Lives are not wrecked by UK peers alone. South Africa’s religious organisations were right behind this devilish commerce and viewed the Chinese, like South Africa’s native population, as barely human and certainly not civilized making their exploitation all the easier to stomach among whites attending church. The Bishop of Pretoria and other religious leaders stood firmly behind the ‘white working man’ and saw the importation of Chinamen as –

“…a great opportunity for Christianising effort.”

In March 1904, the British parliament debated this controversial policy. The quality of speeches might be summed up by these examples –

“Members who talk about shutting out white labour might turn their attention to the injury done to white labour in this country by the dumping down of 80,000 foreign aliens, the riff-raff of Europe” …[who take] “the bread out of the mouths of our struggling working men.”

I am reminded of Keir Starmer’s comments that the UK is recruiting too many foreigners to work in the NHS. (6 November 2002)

While some MPs likened the indentured Chinese workers to slaves thereby risking “Britain’s reputation as the mother of the free” others disagreed, insisting they were having ‘the time of their lives”.

“The life of a Chinese indentured labourer will be a paradise to what some of our fellow-citizens go through.”

Strange conception of paradise. In the real world the Chinese in the Transvaal were largely confined to their camps when not underground in the mines. The mainly very young men grew bored and increasingly frustrated by so many restrictions on top of the dangers inherent in their work. Diseases were rife and often fatal. The food was poor. It was a miserable existence with little hope of a way out before the end of their three-year contract. Many resorted to opium to relieve stress of their hazardous occupation and the tedium of their contracted existence. Where did the opium come from in such tightly controlled conditions? The whites supplied it. Opium was used as a device to control the Chinese. It was sold to them at sky high prices, leading to debt, borrowing to pay off debts or theft from fellow-workers or breaking out of camp to rob members of nearby communities. Lurid newspaper stories created fear of a Chinese menace threatening law-abiding white farmers and communities. A law was passed that allowed whites to arrest any Chinese person found outside their compound – a £1 plus expenses was paid for every Chinaman detained. Not all of them lived long enough to be arrested, with whites shooting dead any suspected of theft.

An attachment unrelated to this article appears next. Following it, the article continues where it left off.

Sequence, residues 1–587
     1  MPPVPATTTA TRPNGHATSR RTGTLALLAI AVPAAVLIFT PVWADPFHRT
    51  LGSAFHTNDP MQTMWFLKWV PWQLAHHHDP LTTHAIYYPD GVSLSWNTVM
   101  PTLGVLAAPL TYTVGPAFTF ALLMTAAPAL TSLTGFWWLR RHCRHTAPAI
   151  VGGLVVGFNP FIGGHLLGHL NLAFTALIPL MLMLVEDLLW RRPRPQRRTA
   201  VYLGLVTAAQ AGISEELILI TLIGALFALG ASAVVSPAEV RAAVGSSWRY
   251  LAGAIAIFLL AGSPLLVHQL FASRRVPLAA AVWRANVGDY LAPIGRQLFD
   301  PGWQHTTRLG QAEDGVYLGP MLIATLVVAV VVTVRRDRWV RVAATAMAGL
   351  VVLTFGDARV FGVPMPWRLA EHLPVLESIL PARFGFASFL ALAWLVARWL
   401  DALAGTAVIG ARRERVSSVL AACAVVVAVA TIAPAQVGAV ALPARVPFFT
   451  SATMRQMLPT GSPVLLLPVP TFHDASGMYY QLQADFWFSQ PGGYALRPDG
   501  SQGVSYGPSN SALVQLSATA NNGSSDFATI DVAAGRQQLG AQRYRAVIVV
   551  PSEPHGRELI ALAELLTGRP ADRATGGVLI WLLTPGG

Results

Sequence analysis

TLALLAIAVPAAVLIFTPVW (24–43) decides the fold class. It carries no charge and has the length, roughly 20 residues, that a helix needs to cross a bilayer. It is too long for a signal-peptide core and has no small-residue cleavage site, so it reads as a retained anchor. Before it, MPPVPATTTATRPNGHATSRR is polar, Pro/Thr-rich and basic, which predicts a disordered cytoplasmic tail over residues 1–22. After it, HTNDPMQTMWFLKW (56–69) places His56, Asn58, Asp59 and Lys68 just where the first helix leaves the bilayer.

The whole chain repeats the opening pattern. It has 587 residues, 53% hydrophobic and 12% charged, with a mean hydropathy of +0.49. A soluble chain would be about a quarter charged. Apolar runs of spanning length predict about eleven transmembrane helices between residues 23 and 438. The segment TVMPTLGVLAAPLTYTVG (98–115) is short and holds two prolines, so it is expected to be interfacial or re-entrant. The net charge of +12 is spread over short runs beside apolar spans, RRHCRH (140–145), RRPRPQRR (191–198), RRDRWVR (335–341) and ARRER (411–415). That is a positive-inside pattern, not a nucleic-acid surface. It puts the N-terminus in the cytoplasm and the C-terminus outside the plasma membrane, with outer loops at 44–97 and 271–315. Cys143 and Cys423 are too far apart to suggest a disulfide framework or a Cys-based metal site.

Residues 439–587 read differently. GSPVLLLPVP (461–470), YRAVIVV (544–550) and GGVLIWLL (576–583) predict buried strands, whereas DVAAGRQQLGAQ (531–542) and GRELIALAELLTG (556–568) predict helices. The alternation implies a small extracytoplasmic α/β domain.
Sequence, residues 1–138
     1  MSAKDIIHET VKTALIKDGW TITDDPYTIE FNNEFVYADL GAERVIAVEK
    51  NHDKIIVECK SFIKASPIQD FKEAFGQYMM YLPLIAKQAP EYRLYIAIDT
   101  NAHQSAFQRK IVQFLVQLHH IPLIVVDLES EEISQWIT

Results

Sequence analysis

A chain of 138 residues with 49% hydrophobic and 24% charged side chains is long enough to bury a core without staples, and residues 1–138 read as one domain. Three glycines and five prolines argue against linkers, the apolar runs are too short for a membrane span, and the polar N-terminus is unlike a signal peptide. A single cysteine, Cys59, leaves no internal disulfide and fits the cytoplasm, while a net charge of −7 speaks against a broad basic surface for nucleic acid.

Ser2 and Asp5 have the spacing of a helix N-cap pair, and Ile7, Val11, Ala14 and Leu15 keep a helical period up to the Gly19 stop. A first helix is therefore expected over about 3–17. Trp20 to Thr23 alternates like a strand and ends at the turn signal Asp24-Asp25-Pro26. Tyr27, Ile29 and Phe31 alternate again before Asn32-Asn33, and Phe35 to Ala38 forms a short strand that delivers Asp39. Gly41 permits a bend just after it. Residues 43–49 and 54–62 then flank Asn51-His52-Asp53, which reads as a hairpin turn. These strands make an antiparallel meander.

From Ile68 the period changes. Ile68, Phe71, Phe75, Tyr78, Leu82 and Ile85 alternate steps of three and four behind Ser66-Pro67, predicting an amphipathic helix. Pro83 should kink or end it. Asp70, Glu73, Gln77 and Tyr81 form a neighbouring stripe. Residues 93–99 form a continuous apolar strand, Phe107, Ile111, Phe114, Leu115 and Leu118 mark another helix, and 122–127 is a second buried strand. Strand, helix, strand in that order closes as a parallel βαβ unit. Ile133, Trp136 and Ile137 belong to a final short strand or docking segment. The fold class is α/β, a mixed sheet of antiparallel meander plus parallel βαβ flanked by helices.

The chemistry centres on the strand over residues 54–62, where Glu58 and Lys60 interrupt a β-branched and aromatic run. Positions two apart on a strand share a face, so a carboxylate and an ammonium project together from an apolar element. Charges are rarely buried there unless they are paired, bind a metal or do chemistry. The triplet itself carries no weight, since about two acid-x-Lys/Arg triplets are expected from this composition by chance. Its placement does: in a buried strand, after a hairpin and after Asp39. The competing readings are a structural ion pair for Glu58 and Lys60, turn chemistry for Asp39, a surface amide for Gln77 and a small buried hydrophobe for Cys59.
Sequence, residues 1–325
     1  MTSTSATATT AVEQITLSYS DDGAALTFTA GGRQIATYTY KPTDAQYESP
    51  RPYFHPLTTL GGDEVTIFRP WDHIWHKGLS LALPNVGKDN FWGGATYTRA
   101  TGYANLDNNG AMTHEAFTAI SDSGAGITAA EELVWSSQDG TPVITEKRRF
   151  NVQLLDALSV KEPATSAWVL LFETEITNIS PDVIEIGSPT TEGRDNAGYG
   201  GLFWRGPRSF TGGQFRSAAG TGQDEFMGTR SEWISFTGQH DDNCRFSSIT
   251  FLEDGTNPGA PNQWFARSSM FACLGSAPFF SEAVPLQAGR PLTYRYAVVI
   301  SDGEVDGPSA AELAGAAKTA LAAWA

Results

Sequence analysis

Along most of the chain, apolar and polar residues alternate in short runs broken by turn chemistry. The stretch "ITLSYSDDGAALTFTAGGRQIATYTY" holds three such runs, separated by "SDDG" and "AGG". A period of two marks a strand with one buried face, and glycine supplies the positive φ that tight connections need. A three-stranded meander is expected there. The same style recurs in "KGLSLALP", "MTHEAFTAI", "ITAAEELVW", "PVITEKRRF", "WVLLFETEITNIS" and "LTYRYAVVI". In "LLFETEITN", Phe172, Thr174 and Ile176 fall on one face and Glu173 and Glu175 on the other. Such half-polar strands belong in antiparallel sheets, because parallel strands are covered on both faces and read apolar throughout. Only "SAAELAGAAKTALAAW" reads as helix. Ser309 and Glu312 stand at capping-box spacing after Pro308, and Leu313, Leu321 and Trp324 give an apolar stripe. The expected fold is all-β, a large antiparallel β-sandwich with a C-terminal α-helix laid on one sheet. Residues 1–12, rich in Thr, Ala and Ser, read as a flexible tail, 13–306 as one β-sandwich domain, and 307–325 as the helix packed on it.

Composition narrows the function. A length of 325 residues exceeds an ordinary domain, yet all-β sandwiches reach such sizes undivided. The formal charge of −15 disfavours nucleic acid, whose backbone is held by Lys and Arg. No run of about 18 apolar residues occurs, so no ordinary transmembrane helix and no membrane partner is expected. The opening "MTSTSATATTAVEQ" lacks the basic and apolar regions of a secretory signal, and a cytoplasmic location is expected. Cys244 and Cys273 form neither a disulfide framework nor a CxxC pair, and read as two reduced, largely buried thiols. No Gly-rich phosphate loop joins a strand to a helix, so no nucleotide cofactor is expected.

In the House of Commons in November 1906, Donald Smeaton, MP for Stirlingshire, stated –

“two pounds of opium allowed to each Chinese coolie under the recent Transvaal Ordinance is enormously in excess of the maximum consumption and leaves a large surplus in the possession of each coolie…”

Churchill contradicted him –

“I would point out that it is not correct to say that two pounds of opium are allowed to each Chinese coolie under the recent Ordinance …coolie not allowed any opium …unless he can obtain a permit signed by an Inspector of the Foreign Labour Department …”

Smeaton asked if the government was aware of the harmful impact of opium at which point the Speaker shouted him down –

“Order! Order! The honourable member is making a speech.”

Straight out of Alice and the rabbit hole. Speakers don’t change their spots.

Officially, opium smoking by the Chinese in the Transvaal was condemned and was certainly punishable by flogging – between five and fifty lashes, according to Aberdeen People’s Journal. A man found guilty got his ‘gruel’ or ‘licking’ after being stripped, held face down and soundly whipped. Then he was literally booted out the door. Not everyone was flogged. A man might be confined in jail, handcuffed to a wooden beam and forced to squat for up to eight hours.  But flogging was commonplace in the goldmine camps to impress upon the Chinese workers who was ‘top dog’. This was humane British justice in practice. A motion in the House of Commons in 1906 condemned Milner for failing to outlaw corporal punishment for minor offences in the compounds.